TECHNOLOGY consultancy Aegis IT has helped a North East secondary school make its virtual dreams a reality.
Working with global vendors Huawei and Whiptail, the Newcastle-based firm has installed servers and virtual desktops into Kenton School in Newcastle.
Peter Catch, technical consultant at Aegis IT, said: “Working closely with our global vendors, we have built a wealth of experience and expertise in the education sector over the years and we’re certainly reaping the benefits at the moment with an increased number of contracts in this market. Schools by their very nature have a large number of users, so flexibility and secure access are key factors.
“The benefits of installing cloud-style technologies – like streaming applications, virtual desktops and mobile access devices – mean that schools can allow their students full and secure access to all the technology the school has to offer from any location.”
The project at Kenton School involved the installation of 200 virtual desktops in the school’s technology suite.
Paul Kernohan, network manager at Kenton School, said: “Our problem is the same one that many schools face, which is that we are trying to plan for the future with aging desktops and a limited budget to replace them.
“Aegis came up with a number of solutions that not only fit with our current requirements but also give us the option to grow in the future.”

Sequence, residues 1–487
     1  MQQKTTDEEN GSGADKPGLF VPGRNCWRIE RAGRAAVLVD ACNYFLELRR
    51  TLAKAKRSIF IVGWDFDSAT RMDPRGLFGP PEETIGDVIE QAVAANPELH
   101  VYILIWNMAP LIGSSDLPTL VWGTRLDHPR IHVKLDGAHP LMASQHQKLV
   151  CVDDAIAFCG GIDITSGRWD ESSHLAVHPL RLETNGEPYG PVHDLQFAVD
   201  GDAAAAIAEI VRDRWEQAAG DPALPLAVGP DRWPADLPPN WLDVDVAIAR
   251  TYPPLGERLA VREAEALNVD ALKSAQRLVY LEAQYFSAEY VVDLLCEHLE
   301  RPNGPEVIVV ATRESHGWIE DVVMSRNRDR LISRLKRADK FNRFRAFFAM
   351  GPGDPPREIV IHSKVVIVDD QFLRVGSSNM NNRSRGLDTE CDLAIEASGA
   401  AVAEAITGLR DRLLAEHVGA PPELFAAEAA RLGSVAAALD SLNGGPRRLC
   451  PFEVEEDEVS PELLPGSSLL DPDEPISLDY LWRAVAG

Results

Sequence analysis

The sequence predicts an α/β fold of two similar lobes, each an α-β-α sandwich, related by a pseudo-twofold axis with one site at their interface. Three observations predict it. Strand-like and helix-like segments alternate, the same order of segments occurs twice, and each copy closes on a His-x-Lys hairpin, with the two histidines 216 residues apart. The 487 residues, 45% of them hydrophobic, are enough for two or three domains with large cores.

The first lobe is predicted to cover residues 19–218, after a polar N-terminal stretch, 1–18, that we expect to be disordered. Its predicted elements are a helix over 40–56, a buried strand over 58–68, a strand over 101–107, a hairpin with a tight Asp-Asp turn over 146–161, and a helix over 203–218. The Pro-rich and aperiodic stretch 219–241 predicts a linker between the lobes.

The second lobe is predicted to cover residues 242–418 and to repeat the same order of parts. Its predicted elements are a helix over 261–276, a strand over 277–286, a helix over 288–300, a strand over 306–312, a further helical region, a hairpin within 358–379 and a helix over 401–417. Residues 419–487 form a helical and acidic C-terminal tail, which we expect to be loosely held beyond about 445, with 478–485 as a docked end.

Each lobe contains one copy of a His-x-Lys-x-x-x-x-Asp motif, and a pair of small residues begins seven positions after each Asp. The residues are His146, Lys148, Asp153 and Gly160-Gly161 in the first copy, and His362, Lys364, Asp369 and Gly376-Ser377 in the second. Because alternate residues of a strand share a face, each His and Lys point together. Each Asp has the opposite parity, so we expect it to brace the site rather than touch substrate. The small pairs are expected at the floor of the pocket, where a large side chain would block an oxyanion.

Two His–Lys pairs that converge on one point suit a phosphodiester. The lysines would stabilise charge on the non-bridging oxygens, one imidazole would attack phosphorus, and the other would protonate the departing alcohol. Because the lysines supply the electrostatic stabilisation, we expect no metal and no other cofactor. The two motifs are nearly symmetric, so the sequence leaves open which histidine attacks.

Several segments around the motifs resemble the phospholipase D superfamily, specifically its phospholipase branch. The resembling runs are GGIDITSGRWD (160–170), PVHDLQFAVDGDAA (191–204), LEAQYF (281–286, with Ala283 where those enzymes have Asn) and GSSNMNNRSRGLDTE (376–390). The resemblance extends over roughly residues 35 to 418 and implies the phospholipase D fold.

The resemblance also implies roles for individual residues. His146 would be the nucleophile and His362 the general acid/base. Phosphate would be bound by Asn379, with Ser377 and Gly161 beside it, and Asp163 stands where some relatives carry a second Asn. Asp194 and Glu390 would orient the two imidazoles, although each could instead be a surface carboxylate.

The expertise that Aegis has gained through its consultancy work in this market has also led the company to develop some education software of its own, which is due to launch later this year.
The company, which has around 20 staff, is hoping to double its turnover to £10m by 2013 and create up to 40 jobs after winning a £250,000 contract with US broadcaster Turner Broadcasting to provide technology that will help the company reduce its energy costs and operate more efficiently.
Aegis will also help the broadcaster reduce its impact on the environment by installing energy-saving equipment at its offices in London, where it streams the hugely popular Ben 10 children’s cartoon to 53 channels around the world.
The technology, which has been developed in the US, records when a company uses most of its energy so that it can then reduce output during quieter periods.